Why Have a Basic Minimum Income?

People around the world have advocated the idea of a basic minimum income—establishing a financial floor below which no citizen can sink and giving all citizens equity in the economy.

The question has been how to make it work in a way that’s sustainable, logical, and productive. Nations are answering that question in different ways.

This week Robert Reich gave us one possible answer—linking basic income to a royalty on patents. It’s a good idea.

For people unfamiliar with the idea of basic minimum income, I’d like to take a step back and, setting aside the macroeconomic issues that Reich addresses, answer this question:

WHY HAVE A BASIC MINIMUM INCOME?

Every citizen makes contributions to our economy—sometimes huge contributions—that the economy does not measure or reward us for. Here are just a few examples:

  • You help a friend get a job.
  • A friend shows you a business idea. You offer suggestions that help her succeed.
  • You make adjustments to how you live. As a result, our resources are preserved. Those resources are then used productively by someone else, say, a farm.
  • You’re one of over 5000 employees who get laid off. The stock surges.
  • You make something (a book, business model, song, video, cooking technique, whatever) that inspires thousands of other people to make something (copied, modeled, or inspired by your creation).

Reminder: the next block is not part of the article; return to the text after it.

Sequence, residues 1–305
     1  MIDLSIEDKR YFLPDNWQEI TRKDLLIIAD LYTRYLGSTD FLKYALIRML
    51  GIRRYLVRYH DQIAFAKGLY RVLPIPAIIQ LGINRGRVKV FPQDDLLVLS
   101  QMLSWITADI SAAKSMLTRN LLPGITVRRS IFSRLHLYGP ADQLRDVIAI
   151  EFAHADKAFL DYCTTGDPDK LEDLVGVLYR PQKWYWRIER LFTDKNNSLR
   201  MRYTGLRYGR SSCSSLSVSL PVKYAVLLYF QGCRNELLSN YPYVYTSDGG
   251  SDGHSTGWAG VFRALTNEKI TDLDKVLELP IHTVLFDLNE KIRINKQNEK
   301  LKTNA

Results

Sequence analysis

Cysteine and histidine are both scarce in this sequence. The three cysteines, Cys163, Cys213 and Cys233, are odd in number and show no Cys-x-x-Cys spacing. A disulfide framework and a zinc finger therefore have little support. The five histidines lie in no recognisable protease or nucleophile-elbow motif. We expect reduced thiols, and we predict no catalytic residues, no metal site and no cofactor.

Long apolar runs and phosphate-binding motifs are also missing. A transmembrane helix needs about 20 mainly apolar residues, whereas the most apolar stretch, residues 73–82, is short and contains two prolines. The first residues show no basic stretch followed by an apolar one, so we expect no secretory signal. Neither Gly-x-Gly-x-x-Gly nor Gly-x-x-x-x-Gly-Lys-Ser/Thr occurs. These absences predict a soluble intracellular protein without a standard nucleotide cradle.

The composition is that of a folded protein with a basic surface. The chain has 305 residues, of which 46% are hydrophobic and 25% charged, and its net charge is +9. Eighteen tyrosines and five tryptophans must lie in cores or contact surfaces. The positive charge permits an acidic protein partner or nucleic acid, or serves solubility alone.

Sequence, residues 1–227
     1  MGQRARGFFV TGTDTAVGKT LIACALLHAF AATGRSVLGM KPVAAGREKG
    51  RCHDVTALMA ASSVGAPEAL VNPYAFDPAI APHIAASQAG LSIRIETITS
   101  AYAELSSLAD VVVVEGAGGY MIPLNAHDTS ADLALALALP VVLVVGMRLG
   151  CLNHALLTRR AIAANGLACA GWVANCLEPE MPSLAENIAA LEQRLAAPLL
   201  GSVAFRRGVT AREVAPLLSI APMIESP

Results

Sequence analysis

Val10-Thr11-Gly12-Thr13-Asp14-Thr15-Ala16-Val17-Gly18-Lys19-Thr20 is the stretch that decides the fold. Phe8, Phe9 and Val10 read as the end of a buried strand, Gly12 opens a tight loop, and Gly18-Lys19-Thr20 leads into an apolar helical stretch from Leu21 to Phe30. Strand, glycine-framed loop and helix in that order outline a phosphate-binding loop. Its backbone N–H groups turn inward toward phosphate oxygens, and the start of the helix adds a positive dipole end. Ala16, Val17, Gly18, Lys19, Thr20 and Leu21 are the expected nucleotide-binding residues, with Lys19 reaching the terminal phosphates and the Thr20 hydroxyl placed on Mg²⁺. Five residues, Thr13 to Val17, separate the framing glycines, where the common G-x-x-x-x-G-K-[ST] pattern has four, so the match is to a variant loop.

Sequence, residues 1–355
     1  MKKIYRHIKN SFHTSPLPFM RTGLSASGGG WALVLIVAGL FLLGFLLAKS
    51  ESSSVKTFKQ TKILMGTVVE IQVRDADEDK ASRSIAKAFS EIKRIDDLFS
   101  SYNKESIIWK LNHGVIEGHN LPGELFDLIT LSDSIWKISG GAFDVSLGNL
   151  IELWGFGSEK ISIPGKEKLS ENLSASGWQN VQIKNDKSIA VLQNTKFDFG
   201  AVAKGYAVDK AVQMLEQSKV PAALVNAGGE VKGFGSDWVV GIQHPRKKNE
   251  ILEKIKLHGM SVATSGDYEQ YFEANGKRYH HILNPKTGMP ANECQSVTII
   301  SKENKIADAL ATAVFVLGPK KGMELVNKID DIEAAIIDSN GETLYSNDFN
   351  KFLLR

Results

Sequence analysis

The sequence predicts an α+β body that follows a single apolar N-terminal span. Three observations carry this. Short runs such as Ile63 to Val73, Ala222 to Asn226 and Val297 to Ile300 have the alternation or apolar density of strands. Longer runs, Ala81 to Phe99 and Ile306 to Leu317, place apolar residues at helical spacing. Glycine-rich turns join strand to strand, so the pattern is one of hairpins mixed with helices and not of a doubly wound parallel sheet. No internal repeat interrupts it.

• You work at (or start) a company that loses its competition with another company and goes out of business. Your efforts made the winning company better. (In pro sports they understand there are no winners without losers so every team gets a share of the financial rewards from TV contracts, etc.)
  • It’s been estimated that a mother contributes around $100,000 of annual value to her family—value that gets passed on to future employers of her children who benefit from all the time and attention she gave. Today she struggles to make ends meet.

I could go on all day. People who contribute the most value to our society often get paid the least.

In many ways, our economy is crude. It doesn’t reward all kinds of activities that actually make it productive. That’s partly due to its crudeness, and partly due to the manipulation of the systems that are supposed to reward us for our efforts.

So we try all kinds of things to correct for the crudeness, to make society fair and functional. But when those corrections aren’t tied to equity in the enterprise, they are equally crude. Welfare? Crude.

A basic income, when viewed and implemented as a kind of royalty on our collective prosperity, cuts to the chase. It creates a direct link between a succeeding nation and a succeeding people.

It’s wrong that all the rewards go only to a select few. It’s wrong that we never get remunerated for all the ways we help the economy and contribute to our collective prosperity. We should all have equity.

Am I leaving something out? I feel like something still needs to be said. Ah, yes.

It’s clearly self-defeating to give ourselves a passive income from an economic system that’s aggressively harming us by destroying the planet. That’s not the aim here. The real hope is that by giving everyone an equity stake in our national prosperity, we will ultimately avoid the Tragedy of the Commons which, ironically, happens when people are strictly out for themselves.

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